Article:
According to a paper published last month by Forrester, (Want More Social Marketing Budget? Stop Measuring Social Engagement) the engagement rates of social audiences following brands are under .01%, leading the author to conclude that “engagement isn’t a useful social marketing success metric.”
I actually had to read the article twice to convince myself I was reading it correctly, because in my experiences both as a social media lead and a digital marketer, engagement – specifically, the number of times members of my audience liked, shared, favorited, retweeted or commented upon the brand’s content – was a number I watched closely.
To be fair, it is important split some hairs when it comes to the definition of organic social reach. There’s no doubt that social networks are limiting (if not almost entirely quashing) the reach of promotional content. However, non-promotional content appears to be relatively unscathed. There are still plenty of opportunities for brands to build relevant social audiences. And engage with them.
“Having more people interacting with your company’s social media profile raises the likelihood of more eyeballs on your content and brings you more opportunity to glean valuable data about what they think about your products or services — in real time,” noted Mel Carson (@melcarson) in a recent article for Entrepreneur.com titled “Increase Engagement on Twitter with Solid Tactics Backed by Research.”
In fact, engagement is one of the most important outcomes brands can generate with their digital content. Here are the reasons why.
1. Engagement = more visibility. Every time somebody engages with your content, those actions are seen by the algorithms that dictate what we see on the web. It’s for this reason the content that generates likes and shares appears at the top of your newsfeed on Facebook. Twitter also keeps an eye on tweets that generate responses, putting them in a “Top Tweets” feed in order to give platform users access to the most interesting content. Social networks (and search engines) don’t just serve users content that is relevant. They also emphasize content that is popular. If you want to catch some of the lightning in a jar that is social amplification, well, engagement is kind of important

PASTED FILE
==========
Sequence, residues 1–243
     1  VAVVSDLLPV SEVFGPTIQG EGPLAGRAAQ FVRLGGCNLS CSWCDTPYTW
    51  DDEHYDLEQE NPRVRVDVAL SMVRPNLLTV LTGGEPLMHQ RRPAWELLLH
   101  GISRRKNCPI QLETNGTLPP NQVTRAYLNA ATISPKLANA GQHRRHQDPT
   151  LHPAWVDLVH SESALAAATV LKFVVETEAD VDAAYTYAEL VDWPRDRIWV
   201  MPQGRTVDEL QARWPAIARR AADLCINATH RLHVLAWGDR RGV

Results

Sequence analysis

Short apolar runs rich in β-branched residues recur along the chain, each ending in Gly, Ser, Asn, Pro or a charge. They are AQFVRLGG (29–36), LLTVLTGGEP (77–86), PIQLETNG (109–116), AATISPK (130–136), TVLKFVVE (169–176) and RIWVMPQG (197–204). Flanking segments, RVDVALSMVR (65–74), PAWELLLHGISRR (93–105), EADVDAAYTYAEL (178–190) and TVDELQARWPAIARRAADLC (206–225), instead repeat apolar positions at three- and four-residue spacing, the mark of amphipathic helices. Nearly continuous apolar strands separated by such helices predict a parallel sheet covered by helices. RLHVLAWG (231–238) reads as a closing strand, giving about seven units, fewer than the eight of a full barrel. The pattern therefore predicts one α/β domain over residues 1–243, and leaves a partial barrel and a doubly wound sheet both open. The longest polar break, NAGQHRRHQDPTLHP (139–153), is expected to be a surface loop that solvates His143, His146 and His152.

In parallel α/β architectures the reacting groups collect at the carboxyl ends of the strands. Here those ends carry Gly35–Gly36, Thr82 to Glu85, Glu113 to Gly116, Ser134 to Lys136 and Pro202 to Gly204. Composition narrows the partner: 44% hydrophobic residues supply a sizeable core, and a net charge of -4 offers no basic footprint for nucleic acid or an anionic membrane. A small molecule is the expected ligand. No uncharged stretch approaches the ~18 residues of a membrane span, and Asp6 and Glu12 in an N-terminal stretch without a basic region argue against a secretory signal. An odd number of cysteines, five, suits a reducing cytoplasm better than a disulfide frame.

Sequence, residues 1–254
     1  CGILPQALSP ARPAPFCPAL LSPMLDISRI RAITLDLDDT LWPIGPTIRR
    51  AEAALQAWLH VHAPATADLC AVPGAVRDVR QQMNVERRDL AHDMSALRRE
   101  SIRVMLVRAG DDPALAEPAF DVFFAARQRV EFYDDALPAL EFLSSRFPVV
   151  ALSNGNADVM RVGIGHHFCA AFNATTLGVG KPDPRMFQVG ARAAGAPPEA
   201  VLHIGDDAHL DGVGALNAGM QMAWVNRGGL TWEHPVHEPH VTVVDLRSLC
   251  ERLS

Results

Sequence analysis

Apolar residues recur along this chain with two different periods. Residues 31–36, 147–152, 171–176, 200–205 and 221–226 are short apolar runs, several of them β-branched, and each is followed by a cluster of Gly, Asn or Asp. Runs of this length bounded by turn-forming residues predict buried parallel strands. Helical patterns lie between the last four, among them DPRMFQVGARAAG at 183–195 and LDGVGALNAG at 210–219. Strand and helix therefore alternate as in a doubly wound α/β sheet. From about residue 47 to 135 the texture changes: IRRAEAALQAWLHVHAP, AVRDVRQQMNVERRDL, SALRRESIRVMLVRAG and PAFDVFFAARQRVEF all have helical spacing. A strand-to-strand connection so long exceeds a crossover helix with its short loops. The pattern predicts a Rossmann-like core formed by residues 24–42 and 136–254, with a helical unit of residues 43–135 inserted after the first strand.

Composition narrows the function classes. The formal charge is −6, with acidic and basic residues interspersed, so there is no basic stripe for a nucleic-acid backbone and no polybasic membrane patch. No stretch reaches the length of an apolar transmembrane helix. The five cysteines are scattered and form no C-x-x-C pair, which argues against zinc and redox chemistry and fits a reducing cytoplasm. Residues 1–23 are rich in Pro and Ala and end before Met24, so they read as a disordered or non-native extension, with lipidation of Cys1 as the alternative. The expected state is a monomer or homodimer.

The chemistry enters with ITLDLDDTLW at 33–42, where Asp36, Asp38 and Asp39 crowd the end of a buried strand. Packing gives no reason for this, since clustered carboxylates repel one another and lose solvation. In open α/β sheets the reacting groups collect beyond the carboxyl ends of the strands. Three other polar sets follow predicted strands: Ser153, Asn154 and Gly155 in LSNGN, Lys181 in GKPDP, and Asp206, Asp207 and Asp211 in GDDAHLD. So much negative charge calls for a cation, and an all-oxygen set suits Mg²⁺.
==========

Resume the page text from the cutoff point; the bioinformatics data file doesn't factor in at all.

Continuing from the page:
2. Engagement data is potent business intelligence. The engagement rates of the social content your brand publishes provide a rich source of data about your customer preferences that should not be ignored. Taking a deep dive into your engagement data is useful from business intelligence standpoint, revealing in stark terms the truth about the topics that not just interest your audience but engage them. Taking the time to analyze the data enables a brand to look beyond the content that was popular but didn’t drive any further action on the part of the content consumer. And what’s the value of that sort of fleeting impression? In my opinion, it’s close to nil.